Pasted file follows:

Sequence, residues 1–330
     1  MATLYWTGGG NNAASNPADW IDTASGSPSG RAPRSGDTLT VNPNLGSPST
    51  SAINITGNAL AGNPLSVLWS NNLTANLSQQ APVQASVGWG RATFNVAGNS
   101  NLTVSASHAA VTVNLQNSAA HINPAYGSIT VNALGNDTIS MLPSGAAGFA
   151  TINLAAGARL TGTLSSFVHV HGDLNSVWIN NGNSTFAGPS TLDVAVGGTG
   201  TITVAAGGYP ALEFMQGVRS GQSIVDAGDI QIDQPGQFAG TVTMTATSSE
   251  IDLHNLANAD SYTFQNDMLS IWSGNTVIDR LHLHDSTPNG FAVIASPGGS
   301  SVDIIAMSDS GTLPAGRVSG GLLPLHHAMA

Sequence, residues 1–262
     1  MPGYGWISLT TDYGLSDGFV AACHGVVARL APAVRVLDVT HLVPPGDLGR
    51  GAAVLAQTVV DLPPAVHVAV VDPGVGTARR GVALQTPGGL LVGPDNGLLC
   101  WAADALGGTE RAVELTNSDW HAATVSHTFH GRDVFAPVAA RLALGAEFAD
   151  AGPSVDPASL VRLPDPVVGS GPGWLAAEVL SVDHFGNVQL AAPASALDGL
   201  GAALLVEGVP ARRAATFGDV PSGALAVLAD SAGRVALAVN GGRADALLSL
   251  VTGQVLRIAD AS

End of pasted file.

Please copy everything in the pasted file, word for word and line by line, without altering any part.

Sequence, residues 1–330
     1  MATLYWTGGG NNAASNPADW IDTASGSPSG RAPRSGDTLT VNPNLGSPST
    51  SAINITGNAL AGNPLSVLWS NNLTANLSQQ APVQASVGWG RATFNVAGNS
   101  NLTVSASHAA VTVNLQNSAA HINPAYGSIT VNALGNDTIS MLPSGAAGFA
   151  TINLAAGARL TGTLSSFVHV HGDLNSVWIN NGNSTFAGPS TLDVAVGGTG
   201  TITVAAGGYP ALEFMQGVRS GQSIVDAGDI QIDQPGQFAG TVTMTATSSE
   251  IDLHNLANAD SYTFQNDMLS IWSGNTVIDR LHLHDSTPNG FAVIASPGGS
   301  SVDIIAMSDS GTLPAGRVSG GLLPLHHAMA

Sequence, residues 1–262
     1  MPGYGWISLT TDYGLSDGFV AACHGVVARL APAVRVLDVT HLVPPGDLGR
    51  GAAVLAQTVV DLPPAVHVAV VDPGVGTARR GVALQTPGGL LVGPDNGLLC
   101  WAADALGGTE RAVELTNSDW HAATVSHTFH GRDVFAPVAA RLALGAEFAD
   151  AGPSVDPASL VRLPDPVVGS GPGWLAAEVL SVDHFGNVQL AAPASALDGL
   201  GAALLVEGVP ARRAATFGDV PSGALAVLAD SAGRVALAVN GGRADALLSL
   251  VTGQVLRIAD AS